- The Washington Times - Tuesday, September 20, 2005

It was a perfect moment for the media to use President Bush’s speech from New Orleans against him.

ABC correspondent Dean Reynolds corralled about 10 evacuees and put them in chairs in the parking lot of Houston’s Astrodome where they watched the president’s nationally televised address. Afterward, they were asked to comment.

All the evacuees were black and apparently poor. Given the template of news coverage — a majority of blacks are said to believe aid was slow in coming because white people like George Bush don’t like them — one might have expected a unanimously negative verdict to the president’s address.

The verdict was unanimous, but positive. One by one, the evacuees replied to Mr. Reynolds’ questions. “What did you think of what the president said tonight?” he asked one woman. She replied, “I think the speech was wonderful.” Did she find anything hard to believe? “No, I didn’t,” she answered.

Mr. Reynolds put his microphone in front of another evacuee. Surely the previous one must have been a fluke. What did the next person think of the president’s promises? “I really believe what he said. I believe. I got faith,” she said.

A slight note of desperation seemed to creep into Mr. Reynolds’ voice. Quickly, the microphone went to another evacuee. Mr. Reynolds tried another tactic. Would the woman like to criticize the slow response of the federal government (meaning the Bush administration) to the carnage left in Katrina’s wake? She blamed slow state and local response, not the president.

A question to all: Wasn’t there anything anyone could object to in the speech? Apparently not. Back to you Ted Koppel.

This delicious moment, after the other broadcast networks quickly returned to regularly scheduled programs, speaks volumes about the media coverage of Katrina and the edited messages they have tried to shove down the public’s throat.

Those messages: White Republicans hate blacks; big business and big Republican government are evil and won’t help blacks; Democrats are the only ones who care for black people.

Mr. Reynolds’ interviews were live, so no one could edit the content. Viewers saw and heard for themselves what at least these black people felt and believed. The ABC guest booker must have had his or her own assumptions about how such an interview would go. Surely the assemblage of black evacuees would mean unfettered criticism of Mr. Bush. Who’s racist now?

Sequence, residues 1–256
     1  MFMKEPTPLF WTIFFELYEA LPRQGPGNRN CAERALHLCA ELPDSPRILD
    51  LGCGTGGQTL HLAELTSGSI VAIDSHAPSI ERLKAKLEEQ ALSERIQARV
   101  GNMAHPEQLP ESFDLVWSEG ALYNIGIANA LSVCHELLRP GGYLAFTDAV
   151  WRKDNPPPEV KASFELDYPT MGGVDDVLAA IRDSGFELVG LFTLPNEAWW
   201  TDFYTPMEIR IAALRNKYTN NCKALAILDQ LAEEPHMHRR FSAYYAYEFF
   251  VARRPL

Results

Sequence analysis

Houston is predominately Southern Baptist but also a diverse religious community and has united to help the hurricane victims. Members of the mostly white and prosperous Second Baptist Church — whose pastor, Dr. Ed Young, was asked by Houston’s mayor to head the faith-based assistance effort — defied stereotypes about rich, white evangelical Christians. They applied the teaching of their Master by getting down and dirty with the poor. The Houston Chronicle also carried ads from people in many states offering help to people in need of a place to stay and help in finding a job.

Politicians, race-baiters and the media have an interest in keeping the racial pot boiling. For the media, it provides conflict (and ratings) so race hustlers can blather on about a pre-voting rights, pre-open housing America.

For the politicians, mostly Democrats, it affords an opportunity to stir the class warfare pot and claim only by voting for Democrats will poor blacks ever escape poverty. But the political and humanitarian realities are quite different.

True compassion is not demonstrated by government but individuals. The fundamental cause of poverty is not race, otherwise how to explain the vast and growing black middle and upper classes? A child may be born into poverty, but if he decides to stay in school and study, not produce children outside marriage, refrain from taking or selling drugs and committing other crimes, it is very likely he will escape poverty.

These are the messages the government and media should send instead of relying on the race-class liberal Democrat templates through which it filters most contemporary issues.

Cal Thomas is a nationally syndicated columnist.

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